The federal government says that hospitals and other organizations that process or store patient health care information must report cyber breaches to HHS. But the rules are murky, and some of the worst cyberattacks have not been brought to light, the Wall Street Journal reports.
The newspaper focuses on attacks by hackers using ransomware, which keeps the data under lock until the victim organizations pay up. So, technically, no patient medical information is released in such circumstances, which means health care organizations can avoid the embarrassment—as well as the competitive and financial fallout—that making such an attack public knowledge would generate.
As an example, the Wall Street Journal cites MedStar Health, which owns 10 hospitals and more than 300 outpatient centers. It suffered a cyberattack last year that disrupted its vast electronic-record system. “Doctors logged patient details with pen and paper,” the newspaper reports. “Laboratory staff faced delays delivering test results.”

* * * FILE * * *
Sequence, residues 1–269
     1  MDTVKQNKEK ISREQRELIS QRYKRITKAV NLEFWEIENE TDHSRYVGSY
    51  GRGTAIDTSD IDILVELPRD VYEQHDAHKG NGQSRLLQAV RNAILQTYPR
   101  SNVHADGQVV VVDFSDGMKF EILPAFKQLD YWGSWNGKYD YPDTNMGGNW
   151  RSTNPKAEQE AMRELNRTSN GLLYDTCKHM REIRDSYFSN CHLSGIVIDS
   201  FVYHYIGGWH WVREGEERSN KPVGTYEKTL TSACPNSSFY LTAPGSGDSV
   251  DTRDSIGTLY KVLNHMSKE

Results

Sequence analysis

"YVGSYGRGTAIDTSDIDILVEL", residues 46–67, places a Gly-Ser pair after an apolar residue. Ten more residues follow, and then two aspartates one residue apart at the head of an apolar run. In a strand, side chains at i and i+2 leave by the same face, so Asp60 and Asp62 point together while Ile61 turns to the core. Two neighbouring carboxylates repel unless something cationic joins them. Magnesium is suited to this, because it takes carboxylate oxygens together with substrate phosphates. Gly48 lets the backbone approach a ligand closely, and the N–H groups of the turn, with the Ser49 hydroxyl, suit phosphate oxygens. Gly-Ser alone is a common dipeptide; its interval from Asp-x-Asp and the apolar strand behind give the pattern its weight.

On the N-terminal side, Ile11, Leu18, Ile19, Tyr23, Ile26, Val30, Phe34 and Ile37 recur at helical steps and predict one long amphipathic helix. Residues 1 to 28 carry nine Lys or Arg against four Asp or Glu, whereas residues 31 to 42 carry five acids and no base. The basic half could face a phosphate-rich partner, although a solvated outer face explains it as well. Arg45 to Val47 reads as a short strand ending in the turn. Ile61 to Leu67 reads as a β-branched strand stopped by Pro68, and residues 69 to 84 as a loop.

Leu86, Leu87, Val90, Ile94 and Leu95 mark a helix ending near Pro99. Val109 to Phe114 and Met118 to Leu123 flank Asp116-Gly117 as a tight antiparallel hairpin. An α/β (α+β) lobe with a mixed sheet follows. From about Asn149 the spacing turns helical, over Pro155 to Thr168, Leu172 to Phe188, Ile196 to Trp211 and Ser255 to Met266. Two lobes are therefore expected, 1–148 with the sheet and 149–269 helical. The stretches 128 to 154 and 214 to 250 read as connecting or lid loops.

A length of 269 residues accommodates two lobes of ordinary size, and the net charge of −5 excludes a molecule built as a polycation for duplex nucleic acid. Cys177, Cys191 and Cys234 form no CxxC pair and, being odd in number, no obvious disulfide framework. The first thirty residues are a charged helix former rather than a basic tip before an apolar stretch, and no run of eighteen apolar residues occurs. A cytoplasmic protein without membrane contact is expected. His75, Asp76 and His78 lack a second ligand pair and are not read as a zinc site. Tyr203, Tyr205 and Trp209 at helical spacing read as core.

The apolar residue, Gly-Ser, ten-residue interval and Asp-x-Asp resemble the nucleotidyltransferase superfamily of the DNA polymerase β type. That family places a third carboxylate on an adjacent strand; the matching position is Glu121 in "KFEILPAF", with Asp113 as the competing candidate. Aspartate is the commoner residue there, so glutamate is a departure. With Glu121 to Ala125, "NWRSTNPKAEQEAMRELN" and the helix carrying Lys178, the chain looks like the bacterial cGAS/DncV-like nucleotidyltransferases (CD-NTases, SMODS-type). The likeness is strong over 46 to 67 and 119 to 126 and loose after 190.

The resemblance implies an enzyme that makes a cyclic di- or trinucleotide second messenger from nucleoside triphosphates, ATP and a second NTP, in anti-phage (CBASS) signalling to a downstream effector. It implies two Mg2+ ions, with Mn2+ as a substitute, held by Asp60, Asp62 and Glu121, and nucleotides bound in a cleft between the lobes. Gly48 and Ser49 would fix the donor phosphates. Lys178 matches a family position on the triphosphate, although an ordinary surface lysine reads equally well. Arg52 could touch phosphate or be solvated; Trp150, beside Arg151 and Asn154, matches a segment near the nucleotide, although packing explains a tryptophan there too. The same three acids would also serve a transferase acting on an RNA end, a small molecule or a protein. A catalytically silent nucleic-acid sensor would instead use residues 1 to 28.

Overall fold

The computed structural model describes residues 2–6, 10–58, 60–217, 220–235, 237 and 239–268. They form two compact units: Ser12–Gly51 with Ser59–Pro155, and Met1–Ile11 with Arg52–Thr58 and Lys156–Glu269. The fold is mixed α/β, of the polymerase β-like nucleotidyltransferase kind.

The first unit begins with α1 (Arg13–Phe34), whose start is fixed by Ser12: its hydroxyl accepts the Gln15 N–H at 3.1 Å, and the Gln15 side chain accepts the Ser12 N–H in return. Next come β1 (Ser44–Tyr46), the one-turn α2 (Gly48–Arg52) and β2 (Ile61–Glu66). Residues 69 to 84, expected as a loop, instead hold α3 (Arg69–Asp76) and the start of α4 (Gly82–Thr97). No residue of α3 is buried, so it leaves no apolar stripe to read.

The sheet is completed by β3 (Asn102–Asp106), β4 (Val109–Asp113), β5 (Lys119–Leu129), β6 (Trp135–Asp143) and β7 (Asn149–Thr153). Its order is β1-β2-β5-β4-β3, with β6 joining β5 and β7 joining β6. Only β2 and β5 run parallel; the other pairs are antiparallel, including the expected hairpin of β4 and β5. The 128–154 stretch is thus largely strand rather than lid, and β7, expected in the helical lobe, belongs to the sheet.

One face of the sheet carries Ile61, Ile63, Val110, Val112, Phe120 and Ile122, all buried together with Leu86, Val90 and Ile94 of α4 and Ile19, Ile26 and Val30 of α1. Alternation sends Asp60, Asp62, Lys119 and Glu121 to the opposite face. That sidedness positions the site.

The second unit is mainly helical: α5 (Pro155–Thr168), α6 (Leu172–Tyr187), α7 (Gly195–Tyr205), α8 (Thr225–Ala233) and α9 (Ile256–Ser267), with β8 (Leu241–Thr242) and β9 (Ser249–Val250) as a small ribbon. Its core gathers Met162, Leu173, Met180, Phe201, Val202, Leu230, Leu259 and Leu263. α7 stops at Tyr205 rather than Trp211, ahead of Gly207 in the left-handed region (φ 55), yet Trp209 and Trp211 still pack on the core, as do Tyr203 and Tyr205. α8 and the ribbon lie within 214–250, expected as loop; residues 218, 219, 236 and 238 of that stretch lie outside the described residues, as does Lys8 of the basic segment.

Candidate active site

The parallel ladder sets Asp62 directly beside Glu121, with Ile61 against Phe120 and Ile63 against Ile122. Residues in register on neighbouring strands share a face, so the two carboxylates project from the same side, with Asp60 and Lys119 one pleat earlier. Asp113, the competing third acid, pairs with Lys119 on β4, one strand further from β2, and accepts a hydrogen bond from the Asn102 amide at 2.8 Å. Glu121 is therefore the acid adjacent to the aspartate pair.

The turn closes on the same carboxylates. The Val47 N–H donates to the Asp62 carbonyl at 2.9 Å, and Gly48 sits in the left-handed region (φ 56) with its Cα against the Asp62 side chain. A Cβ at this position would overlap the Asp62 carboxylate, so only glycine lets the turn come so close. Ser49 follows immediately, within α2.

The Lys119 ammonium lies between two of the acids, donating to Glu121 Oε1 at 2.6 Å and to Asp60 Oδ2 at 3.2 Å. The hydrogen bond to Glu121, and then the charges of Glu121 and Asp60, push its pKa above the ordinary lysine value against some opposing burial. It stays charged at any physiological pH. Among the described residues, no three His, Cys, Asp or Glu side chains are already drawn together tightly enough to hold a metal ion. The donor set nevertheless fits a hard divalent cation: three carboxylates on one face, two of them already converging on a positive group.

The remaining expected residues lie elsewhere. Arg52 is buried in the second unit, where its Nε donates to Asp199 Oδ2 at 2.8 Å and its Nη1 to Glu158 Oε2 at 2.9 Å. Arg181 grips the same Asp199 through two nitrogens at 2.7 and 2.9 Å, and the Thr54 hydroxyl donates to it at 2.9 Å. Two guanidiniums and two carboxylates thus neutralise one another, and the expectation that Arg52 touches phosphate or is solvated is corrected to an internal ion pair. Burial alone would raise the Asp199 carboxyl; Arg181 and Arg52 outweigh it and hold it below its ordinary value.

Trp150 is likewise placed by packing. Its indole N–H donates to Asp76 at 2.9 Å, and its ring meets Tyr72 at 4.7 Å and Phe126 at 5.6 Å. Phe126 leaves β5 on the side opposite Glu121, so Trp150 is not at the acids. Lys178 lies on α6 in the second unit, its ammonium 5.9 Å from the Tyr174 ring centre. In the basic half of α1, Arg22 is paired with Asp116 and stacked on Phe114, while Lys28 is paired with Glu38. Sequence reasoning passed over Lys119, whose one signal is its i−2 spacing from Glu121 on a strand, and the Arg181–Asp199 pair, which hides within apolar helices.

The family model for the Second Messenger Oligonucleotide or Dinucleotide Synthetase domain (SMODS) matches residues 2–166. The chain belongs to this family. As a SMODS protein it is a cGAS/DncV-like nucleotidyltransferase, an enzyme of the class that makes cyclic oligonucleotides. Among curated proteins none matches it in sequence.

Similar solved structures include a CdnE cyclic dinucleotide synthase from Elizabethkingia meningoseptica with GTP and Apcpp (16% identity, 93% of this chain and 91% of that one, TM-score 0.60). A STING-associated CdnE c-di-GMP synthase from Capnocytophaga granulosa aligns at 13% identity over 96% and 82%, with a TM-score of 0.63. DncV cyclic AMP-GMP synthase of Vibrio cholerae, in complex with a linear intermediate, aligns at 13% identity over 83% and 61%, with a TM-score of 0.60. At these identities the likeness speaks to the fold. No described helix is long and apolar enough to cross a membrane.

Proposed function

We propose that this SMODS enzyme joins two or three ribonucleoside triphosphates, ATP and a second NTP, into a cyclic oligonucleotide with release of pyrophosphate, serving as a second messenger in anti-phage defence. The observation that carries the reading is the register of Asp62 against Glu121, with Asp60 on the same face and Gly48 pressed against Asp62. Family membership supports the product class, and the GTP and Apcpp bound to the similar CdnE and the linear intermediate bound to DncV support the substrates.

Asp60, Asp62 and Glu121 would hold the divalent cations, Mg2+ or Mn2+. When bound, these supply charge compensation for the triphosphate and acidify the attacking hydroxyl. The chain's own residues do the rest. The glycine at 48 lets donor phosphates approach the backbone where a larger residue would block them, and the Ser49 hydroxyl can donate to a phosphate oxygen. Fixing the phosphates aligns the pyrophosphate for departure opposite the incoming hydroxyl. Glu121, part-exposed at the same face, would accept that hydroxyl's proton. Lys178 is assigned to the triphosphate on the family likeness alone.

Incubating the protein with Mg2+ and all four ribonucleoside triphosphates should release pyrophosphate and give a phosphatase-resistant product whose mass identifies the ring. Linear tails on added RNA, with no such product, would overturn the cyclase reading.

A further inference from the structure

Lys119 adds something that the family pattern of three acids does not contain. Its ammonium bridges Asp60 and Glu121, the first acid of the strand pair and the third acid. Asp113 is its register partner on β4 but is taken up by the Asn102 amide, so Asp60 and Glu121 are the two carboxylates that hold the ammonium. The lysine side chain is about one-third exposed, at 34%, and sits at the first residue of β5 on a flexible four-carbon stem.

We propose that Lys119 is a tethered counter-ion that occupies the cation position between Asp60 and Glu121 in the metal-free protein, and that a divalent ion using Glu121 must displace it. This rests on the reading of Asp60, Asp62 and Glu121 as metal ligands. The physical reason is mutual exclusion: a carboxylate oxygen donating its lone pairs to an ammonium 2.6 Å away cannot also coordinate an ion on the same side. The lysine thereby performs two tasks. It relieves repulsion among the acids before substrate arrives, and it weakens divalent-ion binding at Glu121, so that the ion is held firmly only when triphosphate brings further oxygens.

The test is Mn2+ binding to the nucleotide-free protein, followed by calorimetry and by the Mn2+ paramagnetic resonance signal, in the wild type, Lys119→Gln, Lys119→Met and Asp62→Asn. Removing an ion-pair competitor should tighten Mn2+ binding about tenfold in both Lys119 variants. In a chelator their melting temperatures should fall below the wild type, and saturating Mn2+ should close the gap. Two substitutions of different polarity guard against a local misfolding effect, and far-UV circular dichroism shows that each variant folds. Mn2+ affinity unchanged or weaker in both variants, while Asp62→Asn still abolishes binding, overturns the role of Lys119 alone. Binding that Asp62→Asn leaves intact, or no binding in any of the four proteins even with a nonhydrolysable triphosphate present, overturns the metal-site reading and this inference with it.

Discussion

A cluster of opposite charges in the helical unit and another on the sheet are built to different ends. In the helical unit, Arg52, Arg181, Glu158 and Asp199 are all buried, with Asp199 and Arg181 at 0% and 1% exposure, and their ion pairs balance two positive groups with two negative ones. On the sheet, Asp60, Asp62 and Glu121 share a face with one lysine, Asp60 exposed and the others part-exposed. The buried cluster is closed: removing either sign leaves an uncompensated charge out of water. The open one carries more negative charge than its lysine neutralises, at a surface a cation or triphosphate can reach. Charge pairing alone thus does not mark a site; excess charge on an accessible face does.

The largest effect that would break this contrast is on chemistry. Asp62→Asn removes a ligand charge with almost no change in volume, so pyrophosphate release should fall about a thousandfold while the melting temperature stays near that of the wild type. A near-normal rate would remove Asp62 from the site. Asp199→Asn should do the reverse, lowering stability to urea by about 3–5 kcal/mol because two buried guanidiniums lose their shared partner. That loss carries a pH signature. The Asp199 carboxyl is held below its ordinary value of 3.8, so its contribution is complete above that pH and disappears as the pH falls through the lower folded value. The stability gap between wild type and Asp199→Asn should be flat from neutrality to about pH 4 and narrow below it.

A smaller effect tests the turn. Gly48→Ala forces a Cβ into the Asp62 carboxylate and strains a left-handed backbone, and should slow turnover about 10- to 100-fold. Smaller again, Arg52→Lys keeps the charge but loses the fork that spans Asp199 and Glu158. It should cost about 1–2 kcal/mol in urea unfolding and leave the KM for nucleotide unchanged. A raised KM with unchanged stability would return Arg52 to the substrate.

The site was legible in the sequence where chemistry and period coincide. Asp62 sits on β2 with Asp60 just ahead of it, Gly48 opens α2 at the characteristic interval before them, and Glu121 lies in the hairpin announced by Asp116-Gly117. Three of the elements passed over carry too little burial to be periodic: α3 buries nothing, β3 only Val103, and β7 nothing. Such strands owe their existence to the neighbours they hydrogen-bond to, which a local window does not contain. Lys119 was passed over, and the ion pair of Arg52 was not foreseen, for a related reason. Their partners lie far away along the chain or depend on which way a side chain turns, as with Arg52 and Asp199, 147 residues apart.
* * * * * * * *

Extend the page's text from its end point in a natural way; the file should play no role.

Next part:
Yet MedStar Health did not have to report the attack to HHS. “HHS rules say hospitals need only report attacks that result in the exposure of private medical or financial information, such as malware that steals data,” the newspaper reports. “When ransomware’s data encryption meets that threshold is a gray area.”
Some members of Congress want to close this loophole. Leo Scanlon, deputy chief information security officer for HHS, cited a vast cyberattack by an organization called WannaCry in testimony before the House this month. That attack “highlighted the disturbing reality that the true state of cybersecurity risk in this sector is underreported by orders of magnitude,” Scanlon said.
Source: Wall Street Journal